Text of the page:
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that sweet potatoes are extremely high in vitamin A and fairly high in vitamin C as well (not to mention high- quality, fiber-rich carbohydrate).


But there was a double-edged problem. First, people must be convinced that these crops were both nutritious and delicious. Second, they needed to be able to make money on what they planted. In other words, if the Southern farmer was going to plant legumes and sweet potatoes, there needed to be commercial demand. Carver set to work.


Carver knew that


the crops he recommended would have to be not only pleasing to the soils, but pleasing to the palate as well. Most families had always planted a few “goobers” here and there next to fence posts as treats for their children and sometimes as feed for livestock. Carver wanted to convince them that legumes could be a larger part of their diets, so he used the cooking skills he’d developed over decades to create over 100 ways to prepare peanuts for consumption—including dishes as wide-ranging as mock chicken and desserts. He also created 18 recipes using the cowpea.


Still, Carver knew


farmers were in business to make money. He needed to create a commercial demand for these crops, and toward this end, he worked tire- lessly. Carver built a labo- ratory wholly created with


materials salvaged from the garbage heap. (Carver and his students punched holes in tin to make graders, found reeds to use as makeshift pipettes, and reclaimed a cracked china bowl for use as a mortar.) In this lab, Carver broke plants down into their component parts to discover industrial applications. He called this study “syn- thetics,” and he was quite successful. (It’s ironic, really, that the word synthetic used to have such a progressive feel to it; now it is virtually synonymous with fake.) In his lab, Carver created hundreds of products from the peanut. He created (merely for example) milk,


64 Winter/Spring 2012 greenwomanmagazine.com


butter, meal, cold drinks, oil (cooking, salad, and indus- trial), lotions, face creams, and face powder. From the sweet potato, he created laundry starch that could be made not only commercially but also at home (theoreti- cally improving the bearing of all those who used it). Carver not only created new products; he also worked to stimulate a demand for them. In this last effort—stimulating demand—Carver was helped along by the first World War, which brought the flow of German chemicals, fertilizers, and dyes to an abrupt halt. The head of one dye producer, upon learning of Carver’s work, sent him a blank check indicating that Carver could come to work for his company and become a wealthy man. Carver declined that offer and many similar offers over the years (includ- ing a $100,000-per-year offer from Thomas Edison, which would be over $1 million dollars today). In fact, Carver’s wish was for enterprising people to take his ideas and develop them; he never profited from his inventions and rarely even took a patent. Carver rarely profited financially from any of his tireless effort. He was hired at Tuskegee for a salary of $125 per month, and that was his wage for nearly 40 years until he died. Carver was hard-pressed to even find time to cash his paychecks (which confounded Tuskegee’s bookkeepers). Instead, his habit was to stash them into books or boxes and to offer them up when hard-working students needed assistance or when Booker T. Washington himself told Carver of the school’s need. When he died, Carver had over $30,000 in the bank, and he donated that money back to Tuskegee.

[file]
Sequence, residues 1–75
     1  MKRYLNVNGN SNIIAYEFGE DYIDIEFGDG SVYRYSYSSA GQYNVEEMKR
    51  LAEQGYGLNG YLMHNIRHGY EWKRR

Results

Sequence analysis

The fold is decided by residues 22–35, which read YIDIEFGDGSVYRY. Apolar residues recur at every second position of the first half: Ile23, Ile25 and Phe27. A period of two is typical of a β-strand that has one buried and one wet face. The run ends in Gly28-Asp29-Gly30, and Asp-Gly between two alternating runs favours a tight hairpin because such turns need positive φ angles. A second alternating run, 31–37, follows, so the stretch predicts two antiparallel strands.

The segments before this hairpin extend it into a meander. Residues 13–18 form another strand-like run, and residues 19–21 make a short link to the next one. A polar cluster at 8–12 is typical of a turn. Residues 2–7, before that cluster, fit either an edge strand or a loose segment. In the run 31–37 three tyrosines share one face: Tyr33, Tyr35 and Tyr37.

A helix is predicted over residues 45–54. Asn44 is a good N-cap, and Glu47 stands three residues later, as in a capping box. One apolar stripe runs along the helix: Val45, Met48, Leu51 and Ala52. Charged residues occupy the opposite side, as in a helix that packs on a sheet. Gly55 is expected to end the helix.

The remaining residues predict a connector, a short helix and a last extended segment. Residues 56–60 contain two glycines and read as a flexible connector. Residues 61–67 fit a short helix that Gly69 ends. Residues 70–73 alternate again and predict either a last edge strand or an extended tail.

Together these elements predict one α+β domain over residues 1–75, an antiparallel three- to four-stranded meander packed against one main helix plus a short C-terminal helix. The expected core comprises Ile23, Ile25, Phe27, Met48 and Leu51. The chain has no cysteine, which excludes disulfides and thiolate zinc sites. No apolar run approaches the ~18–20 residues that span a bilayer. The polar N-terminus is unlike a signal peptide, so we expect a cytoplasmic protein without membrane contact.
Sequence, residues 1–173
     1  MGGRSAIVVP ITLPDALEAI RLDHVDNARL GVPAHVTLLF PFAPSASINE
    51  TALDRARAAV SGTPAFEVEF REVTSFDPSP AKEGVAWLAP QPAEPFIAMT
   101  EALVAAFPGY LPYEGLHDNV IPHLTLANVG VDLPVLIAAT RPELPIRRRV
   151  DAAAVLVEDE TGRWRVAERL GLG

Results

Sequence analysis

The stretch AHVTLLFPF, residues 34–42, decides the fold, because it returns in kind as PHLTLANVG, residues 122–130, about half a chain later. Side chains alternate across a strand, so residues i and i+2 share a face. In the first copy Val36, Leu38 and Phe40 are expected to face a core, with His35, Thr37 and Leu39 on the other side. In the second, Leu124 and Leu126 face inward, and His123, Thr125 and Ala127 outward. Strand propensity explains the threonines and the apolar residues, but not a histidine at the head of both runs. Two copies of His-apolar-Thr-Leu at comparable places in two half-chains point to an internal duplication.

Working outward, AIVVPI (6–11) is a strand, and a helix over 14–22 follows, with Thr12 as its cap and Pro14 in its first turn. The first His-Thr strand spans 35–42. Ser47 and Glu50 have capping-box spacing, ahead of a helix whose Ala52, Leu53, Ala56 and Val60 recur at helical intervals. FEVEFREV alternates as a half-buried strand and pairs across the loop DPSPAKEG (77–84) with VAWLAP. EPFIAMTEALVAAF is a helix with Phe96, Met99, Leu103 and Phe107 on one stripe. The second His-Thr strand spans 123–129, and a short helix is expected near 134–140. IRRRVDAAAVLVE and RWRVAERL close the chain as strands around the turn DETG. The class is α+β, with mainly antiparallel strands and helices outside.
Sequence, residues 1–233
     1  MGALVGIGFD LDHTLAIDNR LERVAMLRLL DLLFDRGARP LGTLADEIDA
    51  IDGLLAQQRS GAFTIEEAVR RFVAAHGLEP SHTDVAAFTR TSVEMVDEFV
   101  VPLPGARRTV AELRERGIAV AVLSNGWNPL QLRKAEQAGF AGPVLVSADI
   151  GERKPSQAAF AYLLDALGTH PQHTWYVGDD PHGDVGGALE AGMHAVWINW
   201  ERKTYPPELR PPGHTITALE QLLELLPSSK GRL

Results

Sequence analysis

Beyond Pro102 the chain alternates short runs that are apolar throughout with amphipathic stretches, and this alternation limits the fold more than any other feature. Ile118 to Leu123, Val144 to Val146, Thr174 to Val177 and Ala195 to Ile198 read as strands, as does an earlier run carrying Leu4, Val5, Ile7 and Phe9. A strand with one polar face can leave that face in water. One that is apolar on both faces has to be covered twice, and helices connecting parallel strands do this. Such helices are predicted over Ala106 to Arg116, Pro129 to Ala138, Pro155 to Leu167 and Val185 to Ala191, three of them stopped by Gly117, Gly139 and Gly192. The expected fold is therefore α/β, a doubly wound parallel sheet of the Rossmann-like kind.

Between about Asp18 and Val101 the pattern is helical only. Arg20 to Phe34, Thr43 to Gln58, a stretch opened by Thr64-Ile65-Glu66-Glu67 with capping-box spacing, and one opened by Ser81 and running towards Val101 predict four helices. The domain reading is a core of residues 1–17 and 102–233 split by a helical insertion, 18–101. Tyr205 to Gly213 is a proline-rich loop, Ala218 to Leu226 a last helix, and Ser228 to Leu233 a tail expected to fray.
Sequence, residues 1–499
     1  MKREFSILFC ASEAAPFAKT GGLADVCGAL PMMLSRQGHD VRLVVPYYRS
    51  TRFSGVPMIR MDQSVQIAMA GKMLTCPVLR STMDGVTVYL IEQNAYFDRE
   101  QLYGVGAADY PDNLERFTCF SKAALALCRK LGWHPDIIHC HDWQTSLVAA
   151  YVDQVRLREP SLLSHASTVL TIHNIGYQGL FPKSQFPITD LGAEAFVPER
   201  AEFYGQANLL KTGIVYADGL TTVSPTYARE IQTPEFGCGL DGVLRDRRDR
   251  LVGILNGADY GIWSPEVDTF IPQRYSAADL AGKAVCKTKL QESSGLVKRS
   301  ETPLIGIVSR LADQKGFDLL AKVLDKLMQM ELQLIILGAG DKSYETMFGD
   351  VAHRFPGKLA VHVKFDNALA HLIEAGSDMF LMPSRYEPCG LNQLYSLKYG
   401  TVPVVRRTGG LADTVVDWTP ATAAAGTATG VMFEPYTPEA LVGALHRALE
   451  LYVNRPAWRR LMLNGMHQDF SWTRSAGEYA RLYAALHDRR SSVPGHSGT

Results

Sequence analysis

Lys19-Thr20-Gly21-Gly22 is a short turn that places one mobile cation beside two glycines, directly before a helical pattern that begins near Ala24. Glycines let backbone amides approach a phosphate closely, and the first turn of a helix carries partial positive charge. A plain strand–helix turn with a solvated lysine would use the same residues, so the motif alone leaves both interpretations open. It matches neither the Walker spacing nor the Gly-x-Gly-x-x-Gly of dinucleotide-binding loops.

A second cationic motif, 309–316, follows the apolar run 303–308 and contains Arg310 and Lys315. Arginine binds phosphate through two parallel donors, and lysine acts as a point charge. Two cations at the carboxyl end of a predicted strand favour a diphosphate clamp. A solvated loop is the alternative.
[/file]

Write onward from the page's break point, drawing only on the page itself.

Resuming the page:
Sweet Potato


Seeds of Knowledge


Carver’s mission was clear, and he had no split loyalties: He desired to improve the lives of African Americans. This, of course, was the mission of Tuskegee itself, and Booker T. Washington sought to make it the mission of Tuskegee graduates as well. During commencement exercises, Washington would say things like “Go back to the place where you came from and work. Don’t waste too much time looking for a paying job. If you can’t get pay, ask for the privilege of working for nothing.” In that spirit, many “little Tuskegees” cropped up in small settle-


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